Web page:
Reasonable, articulable grounds may include, but are not limited to, the nature of the case, the specific course of conduct of one or more parties, threats or prior instances of witness tampering or intimidation, whether or not those instances resulted in criminal charges, whether the defendant is pro se, and any other relevant information.
The prosecuting attorney's certification shall identify the nondisclosed material.
Ohio. Crim. R. 16
Effective:July 1, 1973; amended effective July 1, 2010;July 1, 2016; amended April 24, 2019, effective July 1, 2019.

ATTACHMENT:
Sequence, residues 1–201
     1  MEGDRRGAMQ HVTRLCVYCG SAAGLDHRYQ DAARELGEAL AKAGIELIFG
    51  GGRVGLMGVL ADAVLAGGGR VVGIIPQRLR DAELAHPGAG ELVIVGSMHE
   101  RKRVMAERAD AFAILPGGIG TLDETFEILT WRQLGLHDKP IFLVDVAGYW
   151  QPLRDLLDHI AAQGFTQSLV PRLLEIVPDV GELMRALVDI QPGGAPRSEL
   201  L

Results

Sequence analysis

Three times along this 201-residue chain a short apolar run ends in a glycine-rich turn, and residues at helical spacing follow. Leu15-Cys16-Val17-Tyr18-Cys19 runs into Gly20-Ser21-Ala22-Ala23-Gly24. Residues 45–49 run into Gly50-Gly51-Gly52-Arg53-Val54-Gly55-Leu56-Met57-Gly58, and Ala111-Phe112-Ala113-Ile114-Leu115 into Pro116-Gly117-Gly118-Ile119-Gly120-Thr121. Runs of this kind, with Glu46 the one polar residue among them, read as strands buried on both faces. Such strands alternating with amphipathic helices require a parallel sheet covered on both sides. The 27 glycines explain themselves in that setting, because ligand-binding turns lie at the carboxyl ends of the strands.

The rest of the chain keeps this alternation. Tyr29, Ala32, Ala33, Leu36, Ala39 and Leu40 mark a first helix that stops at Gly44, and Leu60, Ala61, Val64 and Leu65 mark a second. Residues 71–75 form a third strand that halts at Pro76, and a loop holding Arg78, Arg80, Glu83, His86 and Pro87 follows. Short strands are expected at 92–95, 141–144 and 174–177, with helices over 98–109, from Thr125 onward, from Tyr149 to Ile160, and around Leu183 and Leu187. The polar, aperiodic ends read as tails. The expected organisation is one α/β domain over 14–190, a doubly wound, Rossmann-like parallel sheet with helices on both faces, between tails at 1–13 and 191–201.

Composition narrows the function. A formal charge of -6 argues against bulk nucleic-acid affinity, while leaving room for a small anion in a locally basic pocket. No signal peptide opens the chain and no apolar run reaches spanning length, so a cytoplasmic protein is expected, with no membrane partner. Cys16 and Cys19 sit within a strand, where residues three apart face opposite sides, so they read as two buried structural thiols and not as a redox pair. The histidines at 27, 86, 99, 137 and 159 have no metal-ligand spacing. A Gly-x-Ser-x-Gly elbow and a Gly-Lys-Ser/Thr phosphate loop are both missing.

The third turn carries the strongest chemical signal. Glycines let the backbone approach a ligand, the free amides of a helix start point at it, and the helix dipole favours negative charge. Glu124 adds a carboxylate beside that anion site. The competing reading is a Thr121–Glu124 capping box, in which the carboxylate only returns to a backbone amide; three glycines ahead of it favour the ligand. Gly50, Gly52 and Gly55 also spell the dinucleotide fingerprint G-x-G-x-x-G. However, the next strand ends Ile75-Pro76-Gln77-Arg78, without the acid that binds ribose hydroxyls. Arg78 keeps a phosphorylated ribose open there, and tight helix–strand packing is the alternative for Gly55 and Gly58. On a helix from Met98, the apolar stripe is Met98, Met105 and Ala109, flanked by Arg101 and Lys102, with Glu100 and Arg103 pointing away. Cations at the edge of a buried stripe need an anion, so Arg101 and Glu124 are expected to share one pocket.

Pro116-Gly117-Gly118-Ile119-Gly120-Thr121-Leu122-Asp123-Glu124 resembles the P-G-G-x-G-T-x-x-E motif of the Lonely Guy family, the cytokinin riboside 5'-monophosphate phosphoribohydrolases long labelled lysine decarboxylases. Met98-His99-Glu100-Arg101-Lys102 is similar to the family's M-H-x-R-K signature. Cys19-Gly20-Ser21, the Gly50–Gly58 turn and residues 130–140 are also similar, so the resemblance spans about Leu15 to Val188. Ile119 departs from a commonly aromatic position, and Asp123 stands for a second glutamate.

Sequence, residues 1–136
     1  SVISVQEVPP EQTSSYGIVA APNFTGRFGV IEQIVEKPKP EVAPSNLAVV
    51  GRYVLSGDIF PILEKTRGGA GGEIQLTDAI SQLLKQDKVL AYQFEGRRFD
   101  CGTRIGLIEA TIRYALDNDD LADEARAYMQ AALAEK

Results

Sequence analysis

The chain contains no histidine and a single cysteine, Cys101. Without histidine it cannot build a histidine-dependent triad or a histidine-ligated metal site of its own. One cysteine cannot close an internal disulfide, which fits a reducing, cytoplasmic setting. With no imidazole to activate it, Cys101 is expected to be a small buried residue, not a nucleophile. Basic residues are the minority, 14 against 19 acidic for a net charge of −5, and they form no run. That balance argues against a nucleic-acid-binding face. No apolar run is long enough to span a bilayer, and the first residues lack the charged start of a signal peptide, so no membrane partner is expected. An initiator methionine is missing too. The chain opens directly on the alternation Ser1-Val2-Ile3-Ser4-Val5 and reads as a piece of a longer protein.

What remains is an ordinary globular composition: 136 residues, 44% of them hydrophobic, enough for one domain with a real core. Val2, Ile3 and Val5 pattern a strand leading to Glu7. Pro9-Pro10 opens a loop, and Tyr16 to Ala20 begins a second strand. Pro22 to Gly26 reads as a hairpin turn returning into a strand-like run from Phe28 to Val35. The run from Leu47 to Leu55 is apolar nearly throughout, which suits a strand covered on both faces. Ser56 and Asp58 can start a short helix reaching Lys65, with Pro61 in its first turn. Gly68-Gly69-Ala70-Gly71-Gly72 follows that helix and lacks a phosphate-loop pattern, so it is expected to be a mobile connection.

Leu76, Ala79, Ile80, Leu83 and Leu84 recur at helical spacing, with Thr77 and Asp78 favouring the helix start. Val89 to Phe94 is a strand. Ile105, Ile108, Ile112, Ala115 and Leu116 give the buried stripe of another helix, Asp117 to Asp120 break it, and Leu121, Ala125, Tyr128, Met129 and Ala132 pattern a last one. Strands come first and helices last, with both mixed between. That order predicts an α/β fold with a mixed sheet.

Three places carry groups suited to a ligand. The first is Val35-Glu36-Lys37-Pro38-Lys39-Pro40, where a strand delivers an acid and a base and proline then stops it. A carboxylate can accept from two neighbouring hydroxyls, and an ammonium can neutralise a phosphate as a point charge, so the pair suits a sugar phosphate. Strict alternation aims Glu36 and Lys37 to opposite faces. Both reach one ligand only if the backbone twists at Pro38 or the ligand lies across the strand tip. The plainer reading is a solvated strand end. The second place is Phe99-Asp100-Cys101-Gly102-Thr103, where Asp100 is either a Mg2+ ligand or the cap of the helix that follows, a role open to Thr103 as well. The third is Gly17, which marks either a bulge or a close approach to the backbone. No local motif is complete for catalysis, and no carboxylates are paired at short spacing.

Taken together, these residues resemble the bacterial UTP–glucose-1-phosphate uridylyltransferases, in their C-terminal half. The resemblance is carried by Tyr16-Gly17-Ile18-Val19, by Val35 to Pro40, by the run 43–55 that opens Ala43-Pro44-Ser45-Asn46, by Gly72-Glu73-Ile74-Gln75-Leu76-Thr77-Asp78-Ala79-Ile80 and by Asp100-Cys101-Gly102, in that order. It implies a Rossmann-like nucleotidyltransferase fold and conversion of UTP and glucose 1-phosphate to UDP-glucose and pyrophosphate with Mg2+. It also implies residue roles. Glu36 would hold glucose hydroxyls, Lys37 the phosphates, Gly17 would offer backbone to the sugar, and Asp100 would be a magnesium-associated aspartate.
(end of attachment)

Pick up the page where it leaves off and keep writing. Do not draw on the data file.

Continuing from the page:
Proposed Staff Notes (2019 Amendment) Crim.R. 16(L) Section (L)(4) was added to comply with the 2017 amendment to Article I, Section 10a of the Ohio Constitution, also known as Marsy's Law. Staff Notes (July 1, 2016 Amendment) In State v. Athon, 2013-Ohio-1956, the Court addressed the question of when a request of discovery by a criminal defendant triggers reciprocal discovery obligations under Crim.R. 16(H). The amendment seeks to put into effect the rule announced by the Court in Athon, and articulates a standard designed to allow defense counsel to be able to determine, at the time of filing a public records request, whether that request would trigger reciprocal discovery. Staff Notes (July 1, 2010 Amendments) Division (A): Purpose, Scope and Reciprocity The purpose of the revisions to Criminal Rule 16 is to provide for a just determination of criminal proceedings and to secure the fair, impartial, and speedy administration of justice through the expanded scope of materials to be exchanged between the parties. Nothing in this rule shall inhibit the parties from exchanging greater discovery beyond the scope of this rule. The rule accelerates the timing of the exchange of materials, and expands the reciprocal duties in the exchange of materials. The limitations on disclosure permitted under this rule are believed to apply to the minority of criminal cases. The new rule balances a defendant's constitutional rights with the community's compelling interest in a thorough, effective, and just prosecution of criminal acts. The Ohio criminal defense bar, by and through the Ohio Association of Criminal Defense Lawyers and prosecutors, by and through the Ohio Prosecuting Attorneys Association, jointly drafted the rule and submitted committee notes to the Commission on the Rules of Practice and Procedure. The Commission on the Rules of Practice and Procedure discussed, modified, and adopted the notes submitted in developing these staff notes. Division (B): Discovery: Right To Copy or Photograph This division expands the State's duty to disclose materials and information beyond what was required under the prior rule. All disclosures must be made prior to trial. This division also requires the materials to be copied or photographed as opposed to inspection as permitted under the prior rule. Subject to several exceptions, the State must provide pretrial disclosure of all materials as listed in the enumerated divisions. Division (C): Prosecuting Attorney's Designation of "Counsel Only" Materials The State is empowered to limit dissemination of sensitive materials to defense counsel and agents thereof in certain instances. Documents marked as "Counsel Only" may be orally interpreted to the Defendant, or to counsel's agents and employees, but not shown or disseminated to other persons. The rule recognizes that defense counsel bears a duty as an officer of the court to physically retain "Counsel Only" material, and to limit its dissemination. Counsel's duty to the client is not implicated, since the rule expressly allows oral communication of the nature of the "Counsel Only" material. Division (D): Prosecuting Attorney's Certification of Nondisclosure This division provides a means to prevent disclosure of items or materials for limited reasons. The prosecution must be able to place reasonable limits on dissemination to preserve testimony and evidence from tampering or intimidation, and certain other enumerated purposes. The new rule explicitly recognizes that it is the prosecution's duty to assess the danger to witnesses and victims, and the need to protect those witnesses and victims by controlling the early disclosure of certain material, subject to judicial review. A nondisclosure must be for one of the reasons enumerated in the rule, and must be certified in writing to the court. The certification need not disclose the contents or meaning of the nondisclosed material, but must describe it with sufficient particularity to identify it during judicial review as described in division (F). The certification process recognizes the unique nature of sex crimes against children. In the event of a certification of nondisclosure, defense counsel will have the right to inspect the statement no later than the seven-day review hearing provided in subsection (F), which is an improvement from the prior Criminal Rule 16(B)(1)(g). Finally, the rule recognizes that not every eventuality can be anticipated in the text of a rule, and allows nondisclosure in the interest of justice. Division (E): Right of Inspection in Cases of Sexual Assault This division recognizes the intensely personal nature of a sexual assault, and provides a special mechanism for discovery in such cases. It represents an exception to division (B). The compromise between the interests in the privacy and dignity of the victim are balanced against the right of the defendant to a thorough review of the State's evidence by permitting inspection, but not copying, of certain materials. Upon motion of the defendant, the court may, in its discretion, permit these materials to be provided under seal to defense counsel and the defendant's expert. In cases involving the sexual abuse of a child under the age of 13, upon motion and for good cause shown, the trial court may order dissemination of the child's statement under seal and pursuant to protective order to defense counsel and the defendant's expert. This provision facilitates meaningful communication between defense counsel and the defense expert, and to permit timely compliance with division (K) of the rule. Division (E)(2) is intended to give sufficient time for an expert to evaluate the statement, and also to permit defense counsel to consult with the expert on the content of the statement and issues related to it. This division is designed to provide an exception to the nondisclosure procedure sufficient to permit the expert and defense counsel to effectively evaluate the statement. The protective order shall apply to defense counsel and defendant's experts and agents. Division (F): Review of Prosecuting Attorney's Certification of Non-Disclosure This division provides for judicial review at the trial court level of a prosecutor's certification of nondisclosure. As in many other executive branch decisions the standard for review, subject to constitutional protections, is an abuse of discretion - that is, was the prosecutor's decision unreasonable, arbitrary or capricious? The prosecution of a case is an executive function. The rule's nondisclosure provision is a tool to ensure the prosecutor is able to fulfill that executive function. The prosecutor should possess extensive knowledge about a case, including matters not properly admissible in evidence but highly relevant to the safety of the victim, witnesses, or community. Accordingly, the rule vests in the prosecutor the authority for seeking protection by the nondisclosure, and deference when making a good faith decision about unpredictable prospective human behavior. The review is conducted in camera on the objective criteria set out in division (D), seven days prior to trial, with defense counsel participating. If the Court finds an abuse of discretion, the material must be immediately disclosed to defense counsel. If the Court does not find an abuse of discretion, the material must nonetheless be disclosed no later than the commencement of trial. Further judicial review is provided by giving the prosecutor a right to an interlocutory appeal of an order of disclosure as provided for in Criminal Rule 12(K), which is amended to accommodate that process. Upon motion of the State, the certification of nondisclosure or "Counsel Only" designation is reviewable by the trial judge in the in camera proceeding. The preferred practice is to record or transcribe the in camera review to preserve any issues for appeal and sealed to preserve the confidential nature of the information. The in camera review is set seven days prior to trial so that it is, in essence, the end of the trial preparation stage. There was substantial debate regarding the time for this review. Seven days provides adequate opportunity for the defense to prepare for trial and respond to the content of any nondisclosed material. The protective purpose of this process would be destroyed if courts routinely granted continuances of a trial date after conducting the seven-day nondisclosure review. The Commission anticipated that continuances of trial dates would occur only in limited circumstances. Division (F)(4) seeks to protect victims of sexual assault who are still in their tender years. Division (G): Perpetuation of Testimony This division provides that if after judicial review the Court orders disclosure of evidence, the prosecutor upon motion to the Court is given a right to perpetuate testimony in a pretrial hearing as set forth in the subsection. Division (H): Discovery: Right to Copy or Photograph The previous rule allowed for disclosure of specified relevant evidence in the possession of defense counsel to the State upon the State's motion. This division expands defense counsel's duty to disclose materials and information beyond what was required under the prior rule. In this division a reciprocal duty of disclosure now arises upon defense counsel's motion for discovery without further demand from the State. This division requires the materials to be copied or photographed, as opposed to the prior rule that only allowed for inspection by the State. Subject to several exceptions covered in division (J), defense counsel must provide pretrial disclosure of materials as listed in the enumerated subsections. This division seeks to define the defense counsel's reciprocal duty of disclosure while respecting the constitutional and ethical obligations required in representing a client. For the first time, defense counsel has a duty to provide the State with evidence that tends to support innocence or alibi. This allows the State to properly assess its case, and re-evaluate the prosecution. The Commission believes this provision will facilitate meaningful plea negotiation and just resolution. Division (I): Witness List This division imposes an equal duty on each party to disclose the list of witnesses that will be called at trial. It prohibits counsel from commenting on the witness lists but does not prohibit the commenting upon the absence or presence of a witness relevant to the proceeding. See, State v. Hannah, 54 Ohio St.2d 84, 374 N.E.2d 1359 (1978). Division (J): Information Not Subject to Disclosure This division clarifies what information is not subject to disclosure by either party for reasons of confidentiality, privilege, or due to their classification as documents determined to be work product. This division also references that the disclosure or nondisclosure of grand jury testimony is governed by Rule 6 of the Rules of Criminal Procedure. Division (K): Expert Witnesses; Reports The division requires disclosure of the expert witness's written report as detailed in the division no later than twenty-one days prior to trial. Failure to comply with the rule precludes the expert witness from testifying during trial. This prevents either party from avoiding pretrial disclosure of the substance of expert witness's testimony by not requesting a written report from the expert, or not seeking introduction of a report. This division does not require written reports of consulting experts who are not being called as witnesses. Division (L): Regulation of Discovery The trial court continues to retain discretion to ensure that the provisions of the rule are followed. This discretion protects the integrity of the criminal justice process while protecting the rights of the defendants, witnesses, victims, and society at large. In cases in which a defendant initially proceeds pro se, the trial court may regulate the exchange of discoverable material to accommodate the absence of defense counsel. Said exchange must be consistent with and is not to exceed the scope of the rule. In cases in which the attorney-client relationship is terminated prior to trial for any purpose, any material designated "Counsel Only" or limited in dissemination by protective order must be returned to the State. Any work product derived from such material shall not be provided to the defendant. The provisions of (L)(2) and (L)(3) are designed to give the court greater authority to regulate discovery in cases of a pro se defendant and addresses the problems that could arise if a defendant terminates the employment of his attorney and then demands everything in the attorney's file. This could frustrate the protections built into the rule to avoid release of material directly to the defendant in some cases. Section (M): Time of Motions This division requires timely compliance with all provisions of this rule subject to judicial review. Adherence to the requirements of this division will help to ensure the fair administration of justice.